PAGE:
Whanganui Midweek - 2021-11-24


Of growing up in the 50s and 60s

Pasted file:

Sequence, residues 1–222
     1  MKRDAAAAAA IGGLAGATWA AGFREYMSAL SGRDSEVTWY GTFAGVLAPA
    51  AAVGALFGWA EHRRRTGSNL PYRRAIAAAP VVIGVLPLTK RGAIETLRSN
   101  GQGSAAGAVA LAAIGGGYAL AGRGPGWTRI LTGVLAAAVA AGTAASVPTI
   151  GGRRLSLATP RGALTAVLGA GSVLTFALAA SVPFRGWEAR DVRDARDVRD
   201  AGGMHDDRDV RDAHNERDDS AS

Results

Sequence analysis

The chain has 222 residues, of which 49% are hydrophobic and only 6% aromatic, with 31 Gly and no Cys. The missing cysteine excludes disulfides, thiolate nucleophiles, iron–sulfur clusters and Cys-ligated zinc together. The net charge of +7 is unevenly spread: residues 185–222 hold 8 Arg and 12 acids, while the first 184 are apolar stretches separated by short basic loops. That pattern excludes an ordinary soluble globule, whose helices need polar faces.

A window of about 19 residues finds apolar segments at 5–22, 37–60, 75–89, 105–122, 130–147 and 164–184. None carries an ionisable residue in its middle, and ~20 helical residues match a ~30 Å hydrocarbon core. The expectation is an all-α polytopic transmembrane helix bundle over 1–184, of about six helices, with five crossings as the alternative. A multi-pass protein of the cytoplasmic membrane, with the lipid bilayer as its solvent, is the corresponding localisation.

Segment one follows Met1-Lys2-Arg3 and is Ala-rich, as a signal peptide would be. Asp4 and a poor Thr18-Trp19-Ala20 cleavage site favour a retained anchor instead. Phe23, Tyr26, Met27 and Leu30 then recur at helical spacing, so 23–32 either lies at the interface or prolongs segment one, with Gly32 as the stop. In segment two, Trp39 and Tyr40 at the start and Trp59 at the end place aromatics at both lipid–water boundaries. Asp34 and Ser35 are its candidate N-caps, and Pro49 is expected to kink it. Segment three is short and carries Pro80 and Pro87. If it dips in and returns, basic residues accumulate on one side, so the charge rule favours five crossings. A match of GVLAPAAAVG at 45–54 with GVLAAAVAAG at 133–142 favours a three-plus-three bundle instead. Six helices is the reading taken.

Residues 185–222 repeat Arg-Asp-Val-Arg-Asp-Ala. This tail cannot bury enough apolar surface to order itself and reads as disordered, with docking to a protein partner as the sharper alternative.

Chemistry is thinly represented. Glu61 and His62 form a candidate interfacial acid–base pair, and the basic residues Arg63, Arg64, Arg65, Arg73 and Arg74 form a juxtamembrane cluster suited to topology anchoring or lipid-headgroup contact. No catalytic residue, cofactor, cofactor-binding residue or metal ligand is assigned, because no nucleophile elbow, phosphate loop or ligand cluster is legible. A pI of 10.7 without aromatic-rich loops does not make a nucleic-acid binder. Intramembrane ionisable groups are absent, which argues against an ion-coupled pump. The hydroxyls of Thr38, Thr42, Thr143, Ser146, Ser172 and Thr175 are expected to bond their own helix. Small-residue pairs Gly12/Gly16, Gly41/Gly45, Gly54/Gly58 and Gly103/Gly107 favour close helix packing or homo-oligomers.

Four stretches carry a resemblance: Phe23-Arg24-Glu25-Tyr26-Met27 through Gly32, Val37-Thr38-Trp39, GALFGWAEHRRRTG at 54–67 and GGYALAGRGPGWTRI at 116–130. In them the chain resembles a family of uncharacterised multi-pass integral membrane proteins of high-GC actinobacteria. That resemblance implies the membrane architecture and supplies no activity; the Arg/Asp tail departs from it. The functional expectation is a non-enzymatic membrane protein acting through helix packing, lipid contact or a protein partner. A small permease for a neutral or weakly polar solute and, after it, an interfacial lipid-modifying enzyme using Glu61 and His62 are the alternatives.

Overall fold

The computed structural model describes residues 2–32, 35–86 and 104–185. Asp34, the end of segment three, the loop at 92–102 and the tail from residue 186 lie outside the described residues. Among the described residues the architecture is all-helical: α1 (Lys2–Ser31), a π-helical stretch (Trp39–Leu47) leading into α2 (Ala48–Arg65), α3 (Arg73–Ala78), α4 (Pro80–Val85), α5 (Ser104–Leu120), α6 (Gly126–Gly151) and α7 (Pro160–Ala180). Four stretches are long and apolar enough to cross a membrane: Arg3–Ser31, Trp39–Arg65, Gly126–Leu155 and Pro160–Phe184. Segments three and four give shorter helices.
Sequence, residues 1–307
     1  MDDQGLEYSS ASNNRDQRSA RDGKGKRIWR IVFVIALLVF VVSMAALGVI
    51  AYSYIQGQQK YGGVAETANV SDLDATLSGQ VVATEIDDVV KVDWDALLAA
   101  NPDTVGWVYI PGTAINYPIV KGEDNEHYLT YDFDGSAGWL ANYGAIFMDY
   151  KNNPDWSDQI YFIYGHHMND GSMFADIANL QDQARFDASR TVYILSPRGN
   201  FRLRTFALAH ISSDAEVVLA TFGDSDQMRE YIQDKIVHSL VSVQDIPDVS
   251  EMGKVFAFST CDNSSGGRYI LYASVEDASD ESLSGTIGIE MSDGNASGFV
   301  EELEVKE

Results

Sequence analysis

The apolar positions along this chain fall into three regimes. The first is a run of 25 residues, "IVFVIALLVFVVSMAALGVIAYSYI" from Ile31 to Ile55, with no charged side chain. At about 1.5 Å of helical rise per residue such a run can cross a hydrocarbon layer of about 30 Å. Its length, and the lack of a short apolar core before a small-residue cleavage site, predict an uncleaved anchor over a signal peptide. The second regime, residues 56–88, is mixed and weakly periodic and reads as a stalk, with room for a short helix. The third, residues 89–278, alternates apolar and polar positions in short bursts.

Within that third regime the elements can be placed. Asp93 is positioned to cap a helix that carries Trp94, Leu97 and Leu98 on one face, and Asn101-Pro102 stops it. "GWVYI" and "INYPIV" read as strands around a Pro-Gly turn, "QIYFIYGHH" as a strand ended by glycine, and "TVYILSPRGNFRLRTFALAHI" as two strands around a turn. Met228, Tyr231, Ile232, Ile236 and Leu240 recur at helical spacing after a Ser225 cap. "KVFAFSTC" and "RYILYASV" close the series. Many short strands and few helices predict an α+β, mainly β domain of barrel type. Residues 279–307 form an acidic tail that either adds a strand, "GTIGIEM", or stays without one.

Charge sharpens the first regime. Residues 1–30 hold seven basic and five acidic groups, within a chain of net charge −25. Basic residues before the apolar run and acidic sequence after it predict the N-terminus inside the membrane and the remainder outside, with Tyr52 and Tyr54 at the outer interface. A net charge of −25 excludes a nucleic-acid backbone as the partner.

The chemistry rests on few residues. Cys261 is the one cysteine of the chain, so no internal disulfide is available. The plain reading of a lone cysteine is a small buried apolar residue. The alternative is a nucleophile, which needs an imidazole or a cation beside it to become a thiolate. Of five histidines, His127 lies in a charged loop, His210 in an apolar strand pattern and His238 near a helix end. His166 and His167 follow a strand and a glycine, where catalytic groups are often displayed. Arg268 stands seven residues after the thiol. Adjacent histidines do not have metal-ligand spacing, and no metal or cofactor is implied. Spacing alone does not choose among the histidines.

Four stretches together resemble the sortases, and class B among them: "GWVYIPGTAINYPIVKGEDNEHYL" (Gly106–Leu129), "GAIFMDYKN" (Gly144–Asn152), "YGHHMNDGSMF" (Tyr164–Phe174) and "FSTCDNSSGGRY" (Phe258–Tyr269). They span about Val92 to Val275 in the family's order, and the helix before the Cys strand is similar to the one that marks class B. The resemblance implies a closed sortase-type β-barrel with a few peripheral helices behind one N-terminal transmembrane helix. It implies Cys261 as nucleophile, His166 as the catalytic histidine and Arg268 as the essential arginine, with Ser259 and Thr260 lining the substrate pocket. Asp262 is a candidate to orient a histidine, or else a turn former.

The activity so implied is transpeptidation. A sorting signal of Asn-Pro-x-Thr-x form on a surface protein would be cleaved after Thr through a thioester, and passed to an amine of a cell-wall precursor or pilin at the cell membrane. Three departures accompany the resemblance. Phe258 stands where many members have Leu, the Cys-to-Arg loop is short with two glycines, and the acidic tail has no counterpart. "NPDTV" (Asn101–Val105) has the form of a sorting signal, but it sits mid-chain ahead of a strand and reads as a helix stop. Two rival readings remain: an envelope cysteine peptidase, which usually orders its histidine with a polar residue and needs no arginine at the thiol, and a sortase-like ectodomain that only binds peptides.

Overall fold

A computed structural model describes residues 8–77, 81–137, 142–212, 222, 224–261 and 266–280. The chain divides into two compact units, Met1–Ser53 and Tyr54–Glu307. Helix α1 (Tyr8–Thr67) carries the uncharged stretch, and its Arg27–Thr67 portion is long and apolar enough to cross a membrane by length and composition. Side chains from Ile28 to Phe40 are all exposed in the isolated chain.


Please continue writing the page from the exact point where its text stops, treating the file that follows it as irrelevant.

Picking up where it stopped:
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overturned their tables in the temple; and allied himself with the poor. He was nothing but trouble for the authorities. Jesus was a cool dude, an exemplary role model. The school’s spacious hallway was, on rainy days, also the venue for gym exercises. A travelling physical instructor, Mr Grubb, would put us through our paces on an array of gym equipment. I think he even had us jumping through hoops. The museum was another venue for extracurricular lessons. Mr Fahey guided us around the museum’s cellar with explanations of items that were not normally on display. He would also feature occasionally on the children’s 2XA radio programme, and the Central Baths in St Georges Gate was another outside venue. Swimming lessons were part of the school’s curriculum before the school established its own swinging pool. We had class periods in the Alexander Library. The school’s central location helped facilitate many of its activities and it was also, upon our liberation at 3pm, an excellent launchpad to interesting venues all around the central city area. For senior boys, in season, there was inter-school cricket on Wednesday afternoons at Peat Park (Mr Fleming) and rugby on Saturday morning at the racecourse (Mr Crotty). On the playground there was kinga sini (bull rush), footy (rugby), softball, marbles and play fighting (wrestling, in order to establish mana). Once a year there was school athletics at Cooks Gardens. I loved Queen Elizabeth’s use of the Latin phrase, annus horribilis, to describe the bad year she had in 1992. I think most people in their school years had one. Mine, in that school, was in standard one but, in the relative benign presence of my teachers, the three subsequent years restored some of my confidence. On my last day at that school students formed a large group on the school’s forecourt and we danced some American type square dance to the tune of Red River Valley. The sentimentality of the song and the occasion was not lost on me. I have fond memories of my time at Queens Park School. It played a significant role in the lives of me and my siblings and, I guess, the lives of many others. In 1954, Queens Park School celebrated its 75th jubilee. Two of my sisters were part of the organising committee and were just two of the seven children from our family that attended the school as students — just a fraction of the thousands who attended through the course of its history. The school and its playground have now been subsumed by the Davis Library and the extension of the Sarjeant Art Gallery. City Mothers and Fathers trumpet the great cultural and historic heritage of Whanganui but, I wonder, when they give emphasis to the Queens Park area, whether they give due consideration to the role of the Queens Park, St Augustines and St Monica’s schools in that part of the town’s cultural and civic life. In the 1950s only 2 to 3 per cent of the school leaving population attended university and the general expectation, if you were male, was to obtain an apprenticeship in a trade. That priority was still evident in the 60s although the percentage ratio differed significantly. Those who, in my class, took up apprenticeships either worked for a business or an organisation. They earned an apprentice wage, attended night school at no cost and acquired life-long skills. Those who followed the academic path through university would initially have been economically disadvantaged by comparison because of the cost. School leaving pathways for female classmates in most cases (some would have gone to university) obviously differed and the weight of conventional expectation would have determined other paths. And then there were some whose erratic lifestyles probably enabled them to take full advantage of the 60s. The 50s and 60s were not, as some say, a period of control and regulation that limited freedoms and created a dull, grey and homogenised society. History is a many varied thing, its best source is often from those who lived it. From my point of view educational opportunity availed itself to any willing participant without the loud incessant screech of “being the best that you can”. And for those entering the workforce: wages and conditions generally were prescribed by an award that was renegotiated each year that enabled even an apprentice to acquire a bank balance and partake in all that the 60s had to offer. It’s been a long time since then and now. I refuse to count the years since I first entered the gates of Queens Park School. As Mattie Ross said, “time slips away from us”. In the meantime, I try not to contemplate the future or live in a faded past but if ever there is a need for change, and a generation that needs to be told it, it is now. I hope that people of my privileged generation rid themselves of their bucket lists and don’t stand in the way of what needs to be done so that I can more comfortably contemplate the past. Say it for me Paul (Simon). Time it was And what a time it was, it was A time of innocence A time of confidences Long ago it must be I have a photograph Preserve your memories They’re all that’s left you


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